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Accueil du site > Productions scientifiques > Séminaires à PHENIX > 2012 > Séminaire 06.03.2012 - 15:00

Séminaire 06.03.2012 - 15:00

par Guillaume Mériguet - 2 mars 2012

Patrick BONNAUD, actuellement au département Materials Science and Engineering du Massachusetts Insitute of Technology, présentera un séminaire intitulé

Behavior of Confined Water in Porous C-S-H,

le mardi 6 mars à 15h à la bibliothèque du PECSA, Batiment F, 7e étage.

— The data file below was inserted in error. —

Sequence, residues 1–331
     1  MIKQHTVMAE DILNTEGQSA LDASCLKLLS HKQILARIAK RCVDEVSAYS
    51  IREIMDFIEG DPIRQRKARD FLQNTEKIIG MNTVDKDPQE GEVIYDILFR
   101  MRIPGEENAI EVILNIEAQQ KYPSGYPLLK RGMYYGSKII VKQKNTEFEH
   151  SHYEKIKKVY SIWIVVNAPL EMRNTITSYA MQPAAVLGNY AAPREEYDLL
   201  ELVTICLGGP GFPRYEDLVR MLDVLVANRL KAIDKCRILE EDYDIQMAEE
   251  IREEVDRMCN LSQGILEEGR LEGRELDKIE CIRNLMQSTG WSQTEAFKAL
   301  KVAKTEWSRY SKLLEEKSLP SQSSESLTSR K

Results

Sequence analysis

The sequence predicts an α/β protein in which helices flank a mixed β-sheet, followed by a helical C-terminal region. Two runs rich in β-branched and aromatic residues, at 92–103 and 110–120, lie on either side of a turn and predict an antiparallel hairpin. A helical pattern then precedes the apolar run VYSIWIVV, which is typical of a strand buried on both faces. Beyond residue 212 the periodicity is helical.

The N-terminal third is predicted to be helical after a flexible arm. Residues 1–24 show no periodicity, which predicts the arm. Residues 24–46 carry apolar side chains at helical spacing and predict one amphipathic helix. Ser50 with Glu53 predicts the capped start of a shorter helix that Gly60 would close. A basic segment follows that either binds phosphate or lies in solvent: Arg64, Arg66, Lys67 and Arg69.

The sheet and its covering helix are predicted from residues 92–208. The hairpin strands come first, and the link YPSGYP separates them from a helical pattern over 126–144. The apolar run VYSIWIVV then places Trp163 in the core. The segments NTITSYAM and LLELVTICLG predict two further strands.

In the multi-scale porosity inherent to cementitious materials, water may be present in the liquid, solid, and/or gas state depending on the thermodynamic conditions (temperature, pressure, presence of ions). It is thus appreciated that water may play an important role in cement paste damage processes. Here, computational simulations are particularly advantageous because water properties in nanoscale pores are challenging to access experimentally. We have considered how the nature of the water confined within and between C-S-H grains changes with a function of relative humidity at ambient temperature (T = 300K) using semi-Grand Canonical Monte Carlo techniques. To relate the relative humidity (%RH) of the environment with the water content in the cement paste, we calculated adsorption isotherms. When an overall hydrophilic behavior was observed, the intergranular isotherms exhibited discontinuities during the pore filling that can be attributed to surface roughness effects and capillary condensation. Furthermore, to understand the mechanical effects induced by the presence of water in C-S-H pores, we computed virial pressures normal to the pore surface for various %RH and various pore widths. We found that calcium ions are responsible for the overall cohesion in these materials (giving rise to a negative pressure). However, the role of water in reducing or reinforcing this intergranular and intragranular cohesion depended on separation distance between C-S-H grains. The reduced cohesion at separation distances < 5 Å and increased intergranular cohesion at intermediate distances of 5-10 Å were both amplified with increasing %RH. These findings give for the first time an atomistic picture of the confined fluid and its induced pressure effects on the solid structure in the lowest porosities of cement at ambient temperature and 100% RH. It is a first step to understand cement paste damage processes in more extreme conditions as high/low temperatures, high pressures, and/or various ionic concentrations.